EMI Filter Simulation in LTSpice

Discussion in 'General Electronics Chat' started by sasistel, Nov 14, 2017.

  1. sasistel

    Thread Starter New Member

    Nov 10, 2017
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    Hey there!

    I've been trying to properly get the AC response of an EMI filter using LTSpice. To ensure that I was simulating my design correctly, I have taken from this paper (https://www.diva-portal.org/smash/get/diva2:536143/FULLTEXT01.pdf) a proposed filter and simulated it to see if I get the same result.

    This is the expected response:
    filt_response.JPG

    This is my circuit on LTSpice and the response
    lts_filt.JPG lt_filt_response.JPG

    The response has nothing to do with the paper results and I'm wondering if there is something off with my simulation. Does anyone have any insight?

    I've also attached the spice simulation.

    Kind regards!
     
  2. kubeek

    Expert

    Sep 20, 2005
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    I guess you should include the lisn and measure there? Also, you should be introducing common mode exciration, not differential mode. Think about what that graph represents and what would you do to measure that on a real circuit.
     
  3. sasistel

    Thread Starter New Member

    Nov 10, 2017
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    Is a model of the LISN really necessary for the simulation?

    In the past few days I've been simulating other configurations of EMI filters (including ferrite beads on each of the power lines) and the simulation with the parameters set as in the .asc of the original post gave back results that were really close to what I could measure on a spectrum analyzer.
     
  4. neonstrobe

    Well-Known Member

    May 15, 2009
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    I suspect that you are not allowing for real components. Inductors have self-capacitance that lets RF through unless specifically made for low capacitance (e.g. wave wound, spaced turns etc) which tends to limit HF rejection.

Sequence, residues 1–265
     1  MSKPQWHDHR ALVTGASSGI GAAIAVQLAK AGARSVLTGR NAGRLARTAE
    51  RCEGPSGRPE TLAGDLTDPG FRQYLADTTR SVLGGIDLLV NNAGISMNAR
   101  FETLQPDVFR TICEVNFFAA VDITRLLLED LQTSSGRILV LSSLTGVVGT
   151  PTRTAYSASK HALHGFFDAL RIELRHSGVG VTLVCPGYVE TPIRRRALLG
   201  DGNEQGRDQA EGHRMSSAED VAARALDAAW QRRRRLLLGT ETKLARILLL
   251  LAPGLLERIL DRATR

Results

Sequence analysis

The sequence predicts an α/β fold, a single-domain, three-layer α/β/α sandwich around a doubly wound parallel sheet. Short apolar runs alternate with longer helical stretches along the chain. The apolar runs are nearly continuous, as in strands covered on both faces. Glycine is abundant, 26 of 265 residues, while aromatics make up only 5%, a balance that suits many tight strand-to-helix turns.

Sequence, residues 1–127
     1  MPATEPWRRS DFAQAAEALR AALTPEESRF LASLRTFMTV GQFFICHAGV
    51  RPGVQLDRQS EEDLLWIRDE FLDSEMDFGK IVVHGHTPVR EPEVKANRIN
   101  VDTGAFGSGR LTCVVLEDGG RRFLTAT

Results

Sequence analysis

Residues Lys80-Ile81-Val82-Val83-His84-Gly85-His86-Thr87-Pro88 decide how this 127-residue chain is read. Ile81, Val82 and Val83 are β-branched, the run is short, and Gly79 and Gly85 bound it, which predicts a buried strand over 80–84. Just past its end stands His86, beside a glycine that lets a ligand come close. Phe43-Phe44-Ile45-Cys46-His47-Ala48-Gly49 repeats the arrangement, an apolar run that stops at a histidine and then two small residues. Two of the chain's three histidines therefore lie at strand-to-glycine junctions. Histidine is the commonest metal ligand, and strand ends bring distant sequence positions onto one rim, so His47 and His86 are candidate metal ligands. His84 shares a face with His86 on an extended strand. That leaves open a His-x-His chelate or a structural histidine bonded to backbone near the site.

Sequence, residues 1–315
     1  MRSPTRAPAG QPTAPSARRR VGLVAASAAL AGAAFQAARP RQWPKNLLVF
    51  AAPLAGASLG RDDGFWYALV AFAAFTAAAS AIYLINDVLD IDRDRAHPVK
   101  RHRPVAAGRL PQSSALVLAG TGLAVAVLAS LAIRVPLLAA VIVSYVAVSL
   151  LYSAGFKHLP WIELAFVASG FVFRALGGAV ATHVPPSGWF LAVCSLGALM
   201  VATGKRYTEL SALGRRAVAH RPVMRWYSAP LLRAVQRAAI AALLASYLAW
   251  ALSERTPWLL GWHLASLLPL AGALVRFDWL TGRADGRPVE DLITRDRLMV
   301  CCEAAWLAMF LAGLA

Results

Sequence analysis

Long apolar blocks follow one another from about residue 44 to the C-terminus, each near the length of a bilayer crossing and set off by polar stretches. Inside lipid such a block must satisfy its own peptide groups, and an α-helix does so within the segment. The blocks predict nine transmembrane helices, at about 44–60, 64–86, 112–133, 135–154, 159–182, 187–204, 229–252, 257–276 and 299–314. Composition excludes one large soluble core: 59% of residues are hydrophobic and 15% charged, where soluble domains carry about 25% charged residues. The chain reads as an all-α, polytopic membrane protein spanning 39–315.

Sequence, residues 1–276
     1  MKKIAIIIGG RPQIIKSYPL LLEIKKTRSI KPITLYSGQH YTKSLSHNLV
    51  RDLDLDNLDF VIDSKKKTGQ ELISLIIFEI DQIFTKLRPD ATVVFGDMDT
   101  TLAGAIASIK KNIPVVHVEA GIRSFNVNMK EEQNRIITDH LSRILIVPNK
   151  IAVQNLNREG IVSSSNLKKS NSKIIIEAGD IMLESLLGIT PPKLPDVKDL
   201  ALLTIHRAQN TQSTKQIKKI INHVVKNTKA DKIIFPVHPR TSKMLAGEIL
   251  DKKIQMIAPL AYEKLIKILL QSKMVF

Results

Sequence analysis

5. kubeek

    Expert

    Sep 20, 2005
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    Still, exactly 6db reduction tells me you are measuring some bogus value and not the attenuation of the common mode filter. What is v(n001)?
     
  6. sasistel

    Thread Starter New Member

    Nov 10, 2017
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    It's the common node between L5, C2 and C3
     
  7. sasistel

    Thread Starter New Member

    Nov 10, 2017
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    second_order_filt_sim.JPG

    For instance, here is an example of filter that I've simulated on LTSpice and during the real life measurments I got back very similar results.
     
  8. kubeek

    Expert

    Sep 20, 2005
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    sasistel and cmartinez like this.
  9. ebeowulf17

    Well-Known Member

    Aug 12, 2014
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    I'm guessing this is a huge part of the problem. I recently went through something similar, trying in vain to get simulated EMI filter performance to approximate real world EMI filter performance.

    I too mixed up common mode and differential mode injection and measurement at first, but even after fixing that, my models were nowhere close to reality.

    I didn't know how to build realistic real world models of the necessary components and eventually gave up on sims for EMI filter simulation. Hopefully the thread starter will do better than I did!
     
    Alec_t likes this.
  10. Alec_t

    AAC Fanatic!

    Sep 17, 2013
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    It is if you're trying to match a published response which was obtained using an LISN. Otherwise you're comparing chalk and cheese.
     
  11. giraybalci

    New Member

    Mar 15, 2018
    1
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    A late answer!

    The simulation result that you see is the voltage divider voltage by the 560p capacitors. It is -6dB, which is basically half the input voltage. The reason is that when you click a node in LTSpice, it shows the voltage with respect to the ground node. The ground is selected as EARTH in your simulation. When you apply a voltage between L-N and use equal Y capacitors, measurement will always yield in -6dB irrespective of filter values.

    So why it is changing with frequency?
    (even though it is minuscule)
    I believe i read it somewhere but could find right now. Even if you perfectly couple the inductors in LTSpice with k=1, it is k=0.99999... something. I suspect that is the reason. With a tiny leakage inductance, node1 voltage changes with frequency.

    So how would you simulate common mode noise?
    In this configuration you apply a voltage source differentially. So common mode filter is basically pointless. If you make a transient analysis with your circuit you can see there is no current flowing in/out off your EARTH wire (hold ALT key + click EARTH wire).

    To see performance of the CM filter you can apply a noise (v source) between one of the line-neutral and EARTH. (shown in attachment). Now it seems like a differential mode filter. And perfectly fine. After all, in both filter configurations you have an inductor and capacitor which creates a resonance and 2nd order low pass filter.
     
    • CM.JPG
      CM.JPG
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    cmartinez likes this.
  12. Bordodynov

    Well-Known Member

    May 20, 2015
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